As part of the normal progression of lifting and shifting enterprise data and data workloads to the cloud.
Standing on the bridge for too long is a situation to avoid.
“How Do We Avoid Standing on the Bridge For Too Long?”
Planning. Planning is how an enterprise avoids standing on the bridge too long. Your enterprise wants advice from experienced professionals to shepherd the lift and shift operation.
I’m honored to deliver Moving Data with Azure Data Factory to Azure Richmond Virginia Thursday, 7 Feb 2019 starting at 6:30 PM! The meeting will be held at Markel Plaza – 4600 Cox Road · Glen Allen, VA.
The next delivery is 04 Mar 2019, 9:00 AM – 4:30 PM ET.
Azure Data Factory, or ADF, is an Azure PaaS (Platform-as-a-Service) that provides hybrid data integration at global scale. Use ADF to build fully managed ETL in the cloud – including SSIS. Join Andy Leonard – author, blogger, and Chief Data Engineer at Enterprise Data & Analytics – as he demonstrates practical Azure Data Factory use cases.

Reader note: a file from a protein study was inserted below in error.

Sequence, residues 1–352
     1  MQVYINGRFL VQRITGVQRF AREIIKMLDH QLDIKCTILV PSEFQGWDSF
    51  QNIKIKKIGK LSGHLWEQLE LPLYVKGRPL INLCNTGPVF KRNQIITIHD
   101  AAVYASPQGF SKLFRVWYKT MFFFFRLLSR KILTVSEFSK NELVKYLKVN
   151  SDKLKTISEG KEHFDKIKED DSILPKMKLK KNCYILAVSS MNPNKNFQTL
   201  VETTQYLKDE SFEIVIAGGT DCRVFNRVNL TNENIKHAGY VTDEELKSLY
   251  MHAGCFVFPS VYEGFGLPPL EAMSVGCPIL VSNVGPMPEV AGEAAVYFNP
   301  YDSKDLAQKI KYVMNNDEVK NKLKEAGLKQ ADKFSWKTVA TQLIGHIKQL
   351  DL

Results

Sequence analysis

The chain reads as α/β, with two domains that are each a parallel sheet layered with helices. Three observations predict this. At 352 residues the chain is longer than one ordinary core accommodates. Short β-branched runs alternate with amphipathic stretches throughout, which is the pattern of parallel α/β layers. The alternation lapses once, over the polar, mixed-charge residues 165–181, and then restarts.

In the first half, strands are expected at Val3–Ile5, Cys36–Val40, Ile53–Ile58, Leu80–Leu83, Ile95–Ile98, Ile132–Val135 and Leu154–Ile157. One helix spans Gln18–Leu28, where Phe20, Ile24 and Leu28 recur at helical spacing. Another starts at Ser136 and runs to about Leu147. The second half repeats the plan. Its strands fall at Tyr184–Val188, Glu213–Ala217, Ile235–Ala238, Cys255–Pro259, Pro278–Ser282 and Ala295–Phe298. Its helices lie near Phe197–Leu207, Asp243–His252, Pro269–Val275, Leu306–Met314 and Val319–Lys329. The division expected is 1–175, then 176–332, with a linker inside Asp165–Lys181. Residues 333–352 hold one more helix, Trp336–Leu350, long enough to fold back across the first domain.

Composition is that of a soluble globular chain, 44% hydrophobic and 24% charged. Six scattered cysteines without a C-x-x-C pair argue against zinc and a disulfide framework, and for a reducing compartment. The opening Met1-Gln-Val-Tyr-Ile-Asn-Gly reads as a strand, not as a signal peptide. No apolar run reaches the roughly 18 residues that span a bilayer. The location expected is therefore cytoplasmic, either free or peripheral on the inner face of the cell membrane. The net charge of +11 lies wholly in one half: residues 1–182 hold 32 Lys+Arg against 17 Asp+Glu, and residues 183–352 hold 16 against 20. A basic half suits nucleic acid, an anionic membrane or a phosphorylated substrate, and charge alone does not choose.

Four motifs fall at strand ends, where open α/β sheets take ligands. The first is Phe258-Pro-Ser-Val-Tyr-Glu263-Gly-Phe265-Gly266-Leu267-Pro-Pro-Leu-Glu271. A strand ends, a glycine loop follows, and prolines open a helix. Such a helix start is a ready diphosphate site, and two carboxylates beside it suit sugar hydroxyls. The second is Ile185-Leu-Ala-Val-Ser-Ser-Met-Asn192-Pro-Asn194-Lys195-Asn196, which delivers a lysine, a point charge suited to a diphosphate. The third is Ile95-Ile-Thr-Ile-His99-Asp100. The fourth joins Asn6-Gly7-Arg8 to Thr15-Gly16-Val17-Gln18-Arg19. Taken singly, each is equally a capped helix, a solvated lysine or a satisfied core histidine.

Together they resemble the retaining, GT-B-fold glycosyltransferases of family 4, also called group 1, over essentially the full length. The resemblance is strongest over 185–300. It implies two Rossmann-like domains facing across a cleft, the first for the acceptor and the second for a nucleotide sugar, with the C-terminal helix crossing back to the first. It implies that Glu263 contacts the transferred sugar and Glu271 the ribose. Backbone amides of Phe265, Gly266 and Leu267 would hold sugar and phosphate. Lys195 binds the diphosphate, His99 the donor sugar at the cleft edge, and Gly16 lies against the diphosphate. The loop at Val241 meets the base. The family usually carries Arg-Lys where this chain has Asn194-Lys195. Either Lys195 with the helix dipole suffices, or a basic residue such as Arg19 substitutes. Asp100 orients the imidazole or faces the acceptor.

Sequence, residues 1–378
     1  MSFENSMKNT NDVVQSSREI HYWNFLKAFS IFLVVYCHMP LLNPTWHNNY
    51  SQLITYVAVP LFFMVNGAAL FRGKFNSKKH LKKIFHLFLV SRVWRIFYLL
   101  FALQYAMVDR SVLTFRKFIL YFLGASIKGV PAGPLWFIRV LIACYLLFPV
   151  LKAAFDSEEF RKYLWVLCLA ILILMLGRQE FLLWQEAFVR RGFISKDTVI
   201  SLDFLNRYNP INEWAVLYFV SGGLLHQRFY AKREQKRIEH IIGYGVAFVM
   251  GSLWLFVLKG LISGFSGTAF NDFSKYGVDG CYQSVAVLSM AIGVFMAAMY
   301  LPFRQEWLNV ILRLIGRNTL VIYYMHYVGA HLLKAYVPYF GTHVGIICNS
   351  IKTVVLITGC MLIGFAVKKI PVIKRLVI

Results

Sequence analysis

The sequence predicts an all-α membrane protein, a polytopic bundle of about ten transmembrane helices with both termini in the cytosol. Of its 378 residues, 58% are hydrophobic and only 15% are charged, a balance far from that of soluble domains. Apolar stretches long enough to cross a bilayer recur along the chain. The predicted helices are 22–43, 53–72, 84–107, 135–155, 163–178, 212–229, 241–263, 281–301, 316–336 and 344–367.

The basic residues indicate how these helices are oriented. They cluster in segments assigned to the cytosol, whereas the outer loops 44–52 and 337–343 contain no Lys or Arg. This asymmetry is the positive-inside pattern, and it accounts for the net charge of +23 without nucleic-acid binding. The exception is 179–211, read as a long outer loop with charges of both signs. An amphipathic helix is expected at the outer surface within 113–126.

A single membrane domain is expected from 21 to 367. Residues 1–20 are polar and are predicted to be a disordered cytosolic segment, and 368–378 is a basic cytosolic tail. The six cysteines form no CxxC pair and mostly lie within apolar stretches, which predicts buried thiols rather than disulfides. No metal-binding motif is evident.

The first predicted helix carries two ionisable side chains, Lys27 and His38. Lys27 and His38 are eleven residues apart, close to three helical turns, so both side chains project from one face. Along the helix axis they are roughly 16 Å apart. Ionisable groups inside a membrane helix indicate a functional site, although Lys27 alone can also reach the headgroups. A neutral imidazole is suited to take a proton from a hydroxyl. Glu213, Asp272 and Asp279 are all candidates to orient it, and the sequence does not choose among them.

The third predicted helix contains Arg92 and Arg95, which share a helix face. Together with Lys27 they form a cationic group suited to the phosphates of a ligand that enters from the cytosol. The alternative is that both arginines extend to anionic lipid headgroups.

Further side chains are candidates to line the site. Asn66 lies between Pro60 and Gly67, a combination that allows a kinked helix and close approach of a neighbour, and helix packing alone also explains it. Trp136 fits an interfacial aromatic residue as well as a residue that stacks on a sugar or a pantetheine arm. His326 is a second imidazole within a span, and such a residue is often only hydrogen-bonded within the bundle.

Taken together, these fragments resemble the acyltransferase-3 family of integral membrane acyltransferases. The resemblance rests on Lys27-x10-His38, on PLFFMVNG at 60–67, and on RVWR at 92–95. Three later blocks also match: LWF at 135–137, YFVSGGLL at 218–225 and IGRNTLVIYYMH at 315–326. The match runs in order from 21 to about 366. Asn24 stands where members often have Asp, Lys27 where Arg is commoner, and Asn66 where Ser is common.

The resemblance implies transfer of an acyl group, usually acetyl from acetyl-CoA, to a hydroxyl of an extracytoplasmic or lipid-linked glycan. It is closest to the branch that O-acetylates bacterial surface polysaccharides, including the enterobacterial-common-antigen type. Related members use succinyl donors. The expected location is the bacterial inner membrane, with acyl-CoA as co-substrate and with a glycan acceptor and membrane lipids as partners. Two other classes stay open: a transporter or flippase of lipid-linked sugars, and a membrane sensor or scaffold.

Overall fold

In this course, you’ll learn:
The essentials of ADF
Developing, testing, scheduling, monitoring, and managing ADF pipelines
Lifting and shifting SSIS to ADF SSIS Integration Runtime (Azure-SSIS)
ADF design patterns
Data Integration Lifecycle Management (DILM) for the cloud and hybrid data integration scenarios
I’ve been making smaller, more incremental changes to SSIS Catalog Browser – a free utility from the Data Integration Lifecycle Management suite (DILM Suite).
You can use SSIS Catalog Browser to view SSIS Catalog contents on a unified surface. Catalog Browser works with SSIS Catalogs on-premises and Azure Data Factory SSIS Integration Runtime, or Azure SSIS. It’s pretty cool and the price ($0 USD) is right!
The latest change is a version check that offers to send you to the page to download an update. You will find this change starting with version 0.7.7.0. Version 0.7.8.0 includes a slightly better-formatted version-check message. As I said, smaller, more incremental changes.